George’s PhD research looks into issues of trust and calibration of trust in Connected and Automated Vehicles (CAVs) by determining the factors that are affecting the trust of the users, and how the situational awareness of the vehicle can be used to calibrate human trust.
One of the most interesting outcomes that needs further exploration is related to issues of transparency and trust within the CAV environment.
Risks such as hacking, tracking, spoofing, jamming, raise important issues related to the transparency of information. Should users be informed in real time of hacking attacks? Is that going to affect their trust and acceptance? Should they be informed in the form of a “weekly digest” or should the information be available through sub-menus?
Finding a balance between what type of information and when it should be relayed to CAV users is of crucial importance.
George will use this impact grant to:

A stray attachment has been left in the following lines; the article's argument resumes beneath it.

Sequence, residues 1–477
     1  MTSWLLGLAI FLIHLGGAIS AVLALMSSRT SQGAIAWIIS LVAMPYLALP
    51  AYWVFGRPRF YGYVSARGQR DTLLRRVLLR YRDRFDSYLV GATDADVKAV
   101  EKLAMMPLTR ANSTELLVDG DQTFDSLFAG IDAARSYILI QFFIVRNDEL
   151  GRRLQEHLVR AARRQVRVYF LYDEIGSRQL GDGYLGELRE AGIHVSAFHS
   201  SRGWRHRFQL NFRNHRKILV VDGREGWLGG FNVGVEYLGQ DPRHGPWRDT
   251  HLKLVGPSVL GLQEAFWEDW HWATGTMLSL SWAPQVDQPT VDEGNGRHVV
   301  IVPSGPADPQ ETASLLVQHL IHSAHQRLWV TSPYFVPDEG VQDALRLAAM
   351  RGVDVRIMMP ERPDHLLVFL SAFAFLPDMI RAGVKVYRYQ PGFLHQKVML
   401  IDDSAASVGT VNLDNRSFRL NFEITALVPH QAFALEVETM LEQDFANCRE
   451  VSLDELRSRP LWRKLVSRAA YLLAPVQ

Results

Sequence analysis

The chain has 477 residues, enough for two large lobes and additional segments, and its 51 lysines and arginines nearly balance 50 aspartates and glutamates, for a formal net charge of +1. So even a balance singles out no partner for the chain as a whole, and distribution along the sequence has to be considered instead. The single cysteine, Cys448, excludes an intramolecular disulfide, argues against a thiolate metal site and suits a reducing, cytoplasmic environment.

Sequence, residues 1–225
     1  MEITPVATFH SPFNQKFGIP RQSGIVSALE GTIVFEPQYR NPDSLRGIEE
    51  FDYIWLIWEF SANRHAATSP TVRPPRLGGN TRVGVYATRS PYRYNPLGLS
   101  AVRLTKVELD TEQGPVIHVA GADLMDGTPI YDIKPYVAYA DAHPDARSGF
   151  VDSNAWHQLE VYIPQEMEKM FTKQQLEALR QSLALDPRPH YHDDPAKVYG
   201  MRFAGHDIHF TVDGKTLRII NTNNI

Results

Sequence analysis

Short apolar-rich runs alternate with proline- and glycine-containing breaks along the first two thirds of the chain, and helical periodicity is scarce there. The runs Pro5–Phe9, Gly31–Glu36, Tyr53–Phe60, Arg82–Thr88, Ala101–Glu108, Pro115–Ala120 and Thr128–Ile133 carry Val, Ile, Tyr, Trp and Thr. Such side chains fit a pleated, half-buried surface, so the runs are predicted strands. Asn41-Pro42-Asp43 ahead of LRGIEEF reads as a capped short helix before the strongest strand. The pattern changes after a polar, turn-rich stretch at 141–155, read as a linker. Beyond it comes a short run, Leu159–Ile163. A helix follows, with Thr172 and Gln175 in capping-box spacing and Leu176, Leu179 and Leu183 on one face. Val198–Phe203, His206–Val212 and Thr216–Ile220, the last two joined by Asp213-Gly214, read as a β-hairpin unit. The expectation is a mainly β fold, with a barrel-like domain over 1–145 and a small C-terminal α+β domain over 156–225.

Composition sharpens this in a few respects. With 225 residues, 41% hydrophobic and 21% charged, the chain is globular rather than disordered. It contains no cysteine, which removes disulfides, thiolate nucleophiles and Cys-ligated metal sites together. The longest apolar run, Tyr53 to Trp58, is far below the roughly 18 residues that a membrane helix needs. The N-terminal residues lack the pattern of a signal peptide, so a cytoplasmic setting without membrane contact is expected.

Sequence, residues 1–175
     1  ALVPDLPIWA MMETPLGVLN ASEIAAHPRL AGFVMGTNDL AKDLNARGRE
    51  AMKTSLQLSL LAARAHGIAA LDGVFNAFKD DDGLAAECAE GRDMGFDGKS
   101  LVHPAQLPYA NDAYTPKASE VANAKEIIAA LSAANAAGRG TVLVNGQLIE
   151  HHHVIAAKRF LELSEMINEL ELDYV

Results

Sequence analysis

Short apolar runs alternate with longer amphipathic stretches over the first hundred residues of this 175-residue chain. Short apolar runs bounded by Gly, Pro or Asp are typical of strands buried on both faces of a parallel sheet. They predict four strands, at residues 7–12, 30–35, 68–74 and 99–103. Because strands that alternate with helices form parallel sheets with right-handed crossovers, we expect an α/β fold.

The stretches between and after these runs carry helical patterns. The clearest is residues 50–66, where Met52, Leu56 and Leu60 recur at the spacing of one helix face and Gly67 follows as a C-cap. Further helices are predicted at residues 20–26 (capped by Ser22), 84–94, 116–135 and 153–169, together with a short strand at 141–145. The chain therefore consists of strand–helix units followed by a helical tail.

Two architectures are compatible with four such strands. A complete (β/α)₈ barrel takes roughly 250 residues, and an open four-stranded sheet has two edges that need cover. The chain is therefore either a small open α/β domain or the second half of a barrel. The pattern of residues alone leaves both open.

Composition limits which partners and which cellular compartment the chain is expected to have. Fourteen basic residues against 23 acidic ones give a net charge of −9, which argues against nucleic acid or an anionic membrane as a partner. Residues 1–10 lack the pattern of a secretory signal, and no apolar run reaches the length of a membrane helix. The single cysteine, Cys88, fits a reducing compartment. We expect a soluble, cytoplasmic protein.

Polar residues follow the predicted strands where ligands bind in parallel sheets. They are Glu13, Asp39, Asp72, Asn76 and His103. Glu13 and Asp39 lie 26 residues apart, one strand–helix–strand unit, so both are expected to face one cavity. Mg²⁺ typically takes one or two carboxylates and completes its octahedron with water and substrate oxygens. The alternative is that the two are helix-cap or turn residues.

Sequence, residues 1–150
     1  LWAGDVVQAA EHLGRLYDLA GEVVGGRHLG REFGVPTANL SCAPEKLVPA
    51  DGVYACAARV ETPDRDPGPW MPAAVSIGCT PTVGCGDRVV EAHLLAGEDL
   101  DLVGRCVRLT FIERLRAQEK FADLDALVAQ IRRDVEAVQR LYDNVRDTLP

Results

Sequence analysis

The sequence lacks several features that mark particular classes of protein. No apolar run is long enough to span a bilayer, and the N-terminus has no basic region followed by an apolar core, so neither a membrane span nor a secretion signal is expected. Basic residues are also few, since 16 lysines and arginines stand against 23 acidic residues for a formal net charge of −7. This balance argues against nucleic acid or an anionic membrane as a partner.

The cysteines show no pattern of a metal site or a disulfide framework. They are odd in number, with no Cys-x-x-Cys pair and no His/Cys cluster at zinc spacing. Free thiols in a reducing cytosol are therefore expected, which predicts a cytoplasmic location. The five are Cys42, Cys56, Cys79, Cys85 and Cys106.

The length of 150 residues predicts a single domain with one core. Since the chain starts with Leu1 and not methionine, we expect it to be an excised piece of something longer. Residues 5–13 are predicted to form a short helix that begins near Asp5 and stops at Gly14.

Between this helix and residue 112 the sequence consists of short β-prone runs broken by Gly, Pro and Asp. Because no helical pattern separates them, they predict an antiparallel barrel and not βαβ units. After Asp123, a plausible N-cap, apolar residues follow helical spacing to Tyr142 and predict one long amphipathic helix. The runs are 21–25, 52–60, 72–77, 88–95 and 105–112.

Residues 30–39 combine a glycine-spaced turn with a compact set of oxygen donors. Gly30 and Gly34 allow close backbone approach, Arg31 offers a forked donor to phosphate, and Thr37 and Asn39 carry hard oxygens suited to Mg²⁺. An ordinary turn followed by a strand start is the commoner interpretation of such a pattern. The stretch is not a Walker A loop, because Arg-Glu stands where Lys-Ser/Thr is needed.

George has presented evidence to the Law Commission to support changes in regulation – a report will be published in due course.
George has attended events and presented to a variety of stakeholders including the National Cyber Security Centre and TASS International. He has been invited to speak at the 6th IPFA European Infrastructure & Energy Finance Forum, The Royal Institute of Navigation and the UK Government Intellectual Property Office and is currently working on White Paper.
In Autumn 2017, George became the Knowledge Transfer Manager for Connected and Automated Vehicles at Innovate UK’s Knowledge Transfer Network.